Law aims to eliminate 'silent killer'

Amanda Hansen would probably still be alive today if it wasn't for a faulty boiler.

The 16-year-old Western New Yorker succumbed last summer to carbon monoxide poisoning while sleeping over at a friend's house. Less than a year later, Amanda's Law is requiring New York property owners to install CO detectors in an effort to prevent what is know as "the silent killer" from claiming other victims.

The law applies to any residence with fuel-serviced appliances, and goes into effect Feb. 22. A detector must be installed on the lowest floor with a bedroom, or in apartment units. Homes built after Jan. 1, 2008, must have hard-wired detectors, not battery powered ones.

Violators are subject to a civil penalty of up to $100.

Additionally, the law compels contractors replacing an appliance emitting CO, such as a gas hot water heater or furnace, to install a detector if one is not present in the home. Only homes served entirely by electrical appliances and without an attached garage will be exempt.

Carbon monoxide gets its spooky moniker because the gas is odorless, tasteless and invisible. Those exposed to it may experience dizziness, headaches and nausea and, if exposure of large enough levels continues, eventual loss of consciousness and death.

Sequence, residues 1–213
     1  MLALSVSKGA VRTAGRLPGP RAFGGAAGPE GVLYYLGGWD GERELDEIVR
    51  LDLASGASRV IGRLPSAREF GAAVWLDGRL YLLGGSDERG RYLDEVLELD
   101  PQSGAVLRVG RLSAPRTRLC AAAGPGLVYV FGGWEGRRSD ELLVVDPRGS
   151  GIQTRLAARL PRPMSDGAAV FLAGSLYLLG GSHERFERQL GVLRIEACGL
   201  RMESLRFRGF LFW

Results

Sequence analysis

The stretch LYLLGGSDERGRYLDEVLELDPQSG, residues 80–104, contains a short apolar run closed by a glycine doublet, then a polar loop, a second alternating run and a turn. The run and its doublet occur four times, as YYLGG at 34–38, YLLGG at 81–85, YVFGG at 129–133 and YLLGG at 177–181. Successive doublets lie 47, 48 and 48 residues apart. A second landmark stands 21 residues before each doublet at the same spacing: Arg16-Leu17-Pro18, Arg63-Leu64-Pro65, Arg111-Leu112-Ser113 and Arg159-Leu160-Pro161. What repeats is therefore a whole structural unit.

The fact carbon monoxide is difficult to detect and its symptoms are often accompanied by disorientation makes it particularly dangerous, said Selkirk Fire Department Chief William Borger.

"You can't tell when you appliances are malfunctioning, and [a detector] does help," he said. "This law is a good thing, and it's going to end up saving lives."

The availability of cheaper detectors means that most landlords should be able to meet the requirement, said Bob McCrae of the Capital District Association of Rental Property Owners.

"The public likes to think that we don't like to spend any money, and it's true that bottom lines are getting really tight, but the cost of a CO detector right now how could you not do it?" he said. "I think overall we support it. We realize it's going to save lives."

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